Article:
Somewhere outside the D.C. metropolitan area a bumbling cicada has smacked a suburban dad in the face while he is mowing his lawn. Dad leaps into the air and swats at the cicada. The cicada, a female, is attracted to the hum of the push lawn mower, mistaking its drone for a chorus of males. But she senses danger and veers toward a group of trees instead. Dad, though, is soon mobbed by dozens of other cicadas. They descend upon him with bulging amber eyes, thick black bodies, and glassy wings trimmed in orange. They are large insects (about 1.5 inches long) with the agility of a paper airplane thrown by a two-year old. They crash into his head, collide with his bare legs, and crunch under his feet. Although cicadas don’t bite or sting, they incite terror wherever they emerge. Dad abandons his mower and runs for the safety of his house wondering what biblical catastrophe has befallen his usually serene neighborhood.
All up and down the east coast Brood X cicadas are emerging from their underground burrows to breed just once before they die. They’ve prepared for this moment for 17 years — well, almost.
These Brood X cicadas are four years ahead of schedule. They were not supposed to emerge until 2021, but something triggered their early arrival. Was it an accident? How could millions of cicadas be wrong?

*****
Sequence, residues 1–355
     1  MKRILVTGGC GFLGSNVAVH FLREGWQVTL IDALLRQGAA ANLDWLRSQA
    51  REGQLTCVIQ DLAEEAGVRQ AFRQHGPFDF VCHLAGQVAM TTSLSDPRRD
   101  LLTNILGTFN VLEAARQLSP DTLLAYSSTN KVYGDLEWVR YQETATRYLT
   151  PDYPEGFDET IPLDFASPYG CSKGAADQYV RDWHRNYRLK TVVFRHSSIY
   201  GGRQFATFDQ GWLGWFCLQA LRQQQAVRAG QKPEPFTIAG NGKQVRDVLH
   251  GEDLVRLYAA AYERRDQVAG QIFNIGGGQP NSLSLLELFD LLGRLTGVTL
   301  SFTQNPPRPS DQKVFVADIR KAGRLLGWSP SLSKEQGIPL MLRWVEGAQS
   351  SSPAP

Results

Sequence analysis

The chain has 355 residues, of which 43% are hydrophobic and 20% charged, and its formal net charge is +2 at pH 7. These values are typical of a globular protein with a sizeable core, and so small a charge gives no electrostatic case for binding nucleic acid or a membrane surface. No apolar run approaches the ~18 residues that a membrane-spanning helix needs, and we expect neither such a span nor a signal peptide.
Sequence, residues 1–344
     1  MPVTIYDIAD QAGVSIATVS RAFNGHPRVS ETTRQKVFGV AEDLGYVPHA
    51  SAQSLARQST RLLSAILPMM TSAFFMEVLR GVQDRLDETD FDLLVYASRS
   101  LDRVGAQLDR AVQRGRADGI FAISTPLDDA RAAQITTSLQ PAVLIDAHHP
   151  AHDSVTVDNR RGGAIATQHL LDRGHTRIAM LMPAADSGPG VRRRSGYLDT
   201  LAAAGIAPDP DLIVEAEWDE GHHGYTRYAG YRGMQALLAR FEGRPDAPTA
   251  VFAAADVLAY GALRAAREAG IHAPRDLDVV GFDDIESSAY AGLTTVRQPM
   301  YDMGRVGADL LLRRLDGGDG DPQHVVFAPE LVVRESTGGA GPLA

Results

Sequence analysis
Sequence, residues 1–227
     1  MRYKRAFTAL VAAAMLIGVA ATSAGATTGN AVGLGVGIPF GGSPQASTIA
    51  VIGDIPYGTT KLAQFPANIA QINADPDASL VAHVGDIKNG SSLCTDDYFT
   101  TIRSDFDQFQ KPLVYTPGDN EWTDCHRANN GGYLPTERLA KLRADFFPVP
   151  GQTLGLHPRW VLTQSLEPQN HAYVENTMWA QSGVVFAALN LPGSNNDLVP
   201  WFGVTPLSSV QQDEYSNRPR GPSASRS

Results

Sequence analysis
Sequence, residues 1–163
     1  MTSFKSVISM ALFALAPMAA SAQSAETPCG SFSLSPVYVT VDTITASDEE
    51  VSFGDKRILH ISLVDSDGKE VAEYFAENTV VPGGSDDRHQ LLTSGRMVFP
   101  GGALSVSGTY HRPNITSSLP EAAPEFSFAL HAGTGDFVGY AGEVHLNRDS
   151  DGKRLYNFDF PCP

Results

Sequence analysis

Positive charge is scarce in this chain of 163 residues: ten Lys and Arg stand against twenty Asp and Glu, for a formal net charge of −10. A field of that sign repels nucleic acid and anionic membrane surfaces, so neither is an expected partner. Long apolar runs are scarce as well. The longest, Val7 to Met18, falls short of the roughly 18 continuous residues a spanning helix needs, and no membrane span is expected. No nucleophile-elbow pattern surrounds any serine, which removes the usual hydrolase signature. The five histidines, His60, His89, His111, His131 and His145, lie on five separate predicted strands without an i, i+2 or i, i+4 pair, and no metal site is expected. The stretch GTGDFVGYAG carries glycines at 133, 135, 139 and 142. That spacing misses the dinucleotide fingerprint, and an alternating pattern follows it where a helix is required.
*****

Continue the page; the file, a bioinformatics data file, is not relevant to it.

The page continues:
Cicadas that emerge in excess (1.5 million per acre!) and only during some years are known as periodical cicadas. There are two types – those that emerge every 13 years and those that emerge every 17 years (Brood X is composed of 17-year cicadas). Of the 155 North American species, there are only seven species that are periodical. They belong to the genus Magicicada. Magi is Latin for “more,” but I like to think of them as magic cicadas.
Magicicadas only get one chance to breed during their long life, most of which is spent underground. If successful, a female cicada will lay about 20 eggs inside a small notch carved into the limb of a sapling. She may lay as many as 600 eggs among 30 nests. By late summer the eggs hatch and the first instar nymphs fall to the ground. The nymphs then burrow about eight inches beneath the soil and nuzzle up to a tree rootlet to feed on its sugars. For the next 13 or 17 years depending on the species they’ll grow and develop until they are read to breed.
Entomologists aren’t sure why Brood X has emerged ahead of schedule, but some think it may be a sign of climate change. Cicadas only emerge after they pass through their fourth instar stage and only when the ground temperature reaches 64 degrees C. Unusually warm autumns, mild winters, and early springs extend the growing season, providing the nymphs with more sugars than normal, which could speed up their development. Alternatively, Brood Xers seem to be emerging in greater numbers near metropolitan areas such as D.C., which have much higher heat signatures than natural areas. This localized climate change could also speed up development.
But early (or late) emergence of cicadas is not uncommon. Broods that emerge off schedule are known as stragglers, even when they emerge early.
If enough members of Brood X emerge this year, they will reproduce and form a new brood that will break off from the main brood. The main brood won’t emerge until 2021. This is known as an acceleration event. But it will take 17 years to find out if the stragglers were successful.